When floaters begin to interfere with patients’ work, they are going to begin looking for any solution. Such was the recent case of a physician—a friend of a friend—who felt his floaters were beginning to interfere with his ability to practice within his specialty. He had consulted an ophthalmologist who promoted a laser treatment designed to rid patients of floaters altogether. The patient was hesitant and contacted me. Although floaters are a common nuisance, their causes and treatment options are poorly understood by patients—even some who are physicians themselves.
This column provides a quick breakdown of what to tell patients experiencing this often worrying, but rarely dangerous, issue.
What are Floaters?
The vitreous is a hydrated and acellular gel constituting the bulk of the globe contents. It consists of 98% water with the remainder collagen and hyaluronan forming a clear gel. At birth, the vitreous gel is quite firm, but with aging (and myopic vitreopathy), this firm gel liquefies, forming pockets of liquid vitreous known as lacunae. This liquefaction occurs from the dissociation of hyaluronan from the collagen fibrils forming the supportive network of the vitreous gel. This allows for the aggregation of the smaller collagen fibrils into macroscopic fibers, which subsequently diffract light. The accumulation of lacunae transforms the vitreous gel into a liquid consistency. This facilitates collapse of the vitreous and the development of a posterior vitreous detachment (PVD), occurring as a separation of the posterior vitreous cortex from the internal limiting membrane of the retina. This process begins posteriorly and progresses anteriorly to the vitreous base. Additionally, lacunae increase vitreous heterogeneity and scattering of light at the gel-liquid interface.1
|Weiss ring in an acute PVD causing a complaint of floaters. Click image to enlarge.|
Floaters, or symptomatic vitreous opacifications (SVO), are packed bundles of collagen fibrils that first appear in the central vitreous where they often have a linear configuration, becoming more numerous, thickened and irregular with increasing age and axial myopia.1 The walls of the liquefied lacunae interfere with photon transmission to the retina, contributing to the common symptom of floating spots. They are more visible when viewed against a bright source such as a sunny sky or a white background. They are even more noticeable when situated in the visual axis. The onset of PVD increases the scatter of light and an increase in symptoms as more collagen aggregates are directed toward the visual axis. Many patients undergoing PVD ultimately adapt to the SVOs, most likely due to the fact that the Weiss ring eventually settles inferiorly and anteriorly, affecting the penumbra cast upon the retina in a less symptomatic form.2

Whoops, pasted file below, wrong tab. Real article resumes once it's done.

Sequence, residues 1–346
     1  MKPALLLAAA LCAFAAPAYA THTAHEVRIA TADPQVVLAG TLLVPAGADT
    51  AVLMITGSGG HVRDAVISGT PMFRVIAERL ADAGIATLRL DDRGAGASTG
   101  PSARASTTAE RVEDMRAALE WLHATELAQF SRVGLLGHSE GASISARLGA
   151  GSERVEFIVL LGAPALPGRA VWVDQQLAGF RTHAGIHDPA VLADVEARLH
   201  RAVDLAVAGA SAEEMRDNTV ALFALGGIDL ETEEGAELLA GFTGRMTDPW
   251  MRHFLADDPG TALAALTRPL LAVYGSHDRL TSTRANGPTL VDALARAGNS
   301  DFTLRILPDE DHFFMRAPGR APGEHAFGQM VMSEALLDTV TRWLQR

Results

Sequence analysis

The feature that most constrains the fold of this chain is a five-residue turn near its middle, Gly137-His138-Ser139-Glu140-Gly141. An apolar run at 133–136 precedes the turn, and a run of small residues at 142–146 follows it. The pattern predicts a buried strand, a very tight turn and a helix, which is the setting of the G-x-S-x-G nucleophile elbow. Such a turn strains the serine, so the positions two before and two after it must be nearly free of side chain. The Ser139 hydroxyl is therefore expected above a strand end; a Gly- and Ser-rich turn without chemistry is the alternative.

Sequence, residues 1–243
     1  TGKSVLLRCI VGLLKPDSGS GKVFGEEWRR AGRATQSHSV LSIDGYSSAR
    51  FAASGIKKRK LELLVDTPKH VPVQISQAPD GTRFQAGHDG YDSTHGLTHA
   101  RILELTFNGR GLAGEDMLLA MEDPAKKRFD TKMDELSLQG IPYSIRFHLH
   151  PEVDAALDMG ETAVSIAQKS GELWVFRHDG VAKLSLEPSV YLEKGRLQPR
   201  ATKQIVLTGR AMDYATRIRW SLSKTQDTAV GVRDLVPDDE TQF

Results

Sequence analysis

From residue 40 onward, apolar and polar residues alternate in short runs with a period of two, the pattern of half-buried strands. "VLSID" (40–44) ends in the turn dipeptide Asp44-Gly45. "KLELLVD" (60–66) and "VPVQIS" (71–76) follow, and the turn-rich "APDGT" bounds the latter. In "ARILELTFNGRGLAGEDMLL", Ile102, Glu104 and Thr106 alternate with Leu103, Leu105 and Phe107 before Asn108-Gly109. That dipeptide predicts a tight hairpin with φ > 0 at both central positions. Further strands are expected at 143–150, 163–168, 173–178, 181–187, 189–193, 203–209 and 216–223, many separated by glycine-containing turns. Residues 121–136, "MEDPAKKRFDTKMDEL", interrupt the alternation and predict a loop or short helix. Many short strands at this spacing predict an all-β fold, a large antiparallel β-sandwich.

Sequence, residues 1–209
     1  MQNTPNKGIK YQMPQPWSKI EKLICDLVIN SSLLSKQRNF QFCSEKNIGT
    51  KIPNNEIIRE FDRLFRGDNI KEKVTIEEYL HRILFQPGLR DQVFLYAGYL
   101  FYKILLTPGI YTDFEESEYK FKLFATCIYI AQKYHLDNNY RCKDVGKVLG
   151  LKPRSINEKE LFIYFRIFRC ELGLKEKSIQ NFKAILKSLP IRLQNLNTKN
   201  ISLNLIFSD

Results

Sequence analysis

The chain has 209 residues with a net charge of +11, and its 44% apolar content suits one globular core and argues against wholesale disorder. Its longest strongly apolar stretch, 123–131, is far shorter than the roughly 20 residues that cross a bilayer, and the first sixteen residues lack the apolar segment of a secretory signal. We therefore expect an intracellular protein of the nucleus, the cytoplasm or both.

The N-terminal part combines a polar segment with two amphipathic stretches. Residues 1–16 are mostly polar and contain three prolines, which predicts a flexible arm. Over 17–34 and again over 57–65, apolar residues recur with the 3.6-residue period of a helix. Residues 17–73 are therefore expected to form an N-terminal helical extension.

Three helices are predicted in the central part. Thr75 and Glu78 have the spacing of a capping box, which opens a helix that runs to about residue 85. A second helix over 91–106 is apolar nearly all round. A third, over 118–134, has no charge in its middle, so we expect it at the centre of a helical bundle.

Get Used to It?
SVOs are among the most common, and most dismissed, complaints you’ll encounter. Most practitioners, upon confirming there is no tractional retinal pathology, explain to the patient that adaptation will occur and there is nothing to worry about. In most cases, patients either adapt or accept and pursue the issue no further. Indeed, as the opacifications move out of the visual axis or locate more anteriorly with forward rotation of the collapsed vitreous, the symptoms will greatly decrease, usually to an acceptable level. However, there is a small subset of patients who do not adapt and have a greatly reduced quality of life from SVOs despite excellent Snellen acuity. This makes determination of the most effective and appropriate treatments difficult to scientifically assess. Thus, virtually all interventions are patient driven.
However, decreased quality of life comes from reduced contrast sensitivity, decreased driving ability and impaired facial recognition.1 Up to two thirds of patients with SVOs have moderate to extreme difficulty in reading small print or driving at night.3 In patients younger than 55 years old, these effects are so deleterious that they were willing to undergo a procedure that carried a risk of 7% blindness to be cured of SVOs.4
Currently, two non-observational management options for SVOs exist. These are Nd:YAG laser vitreolysis and vitrectomy.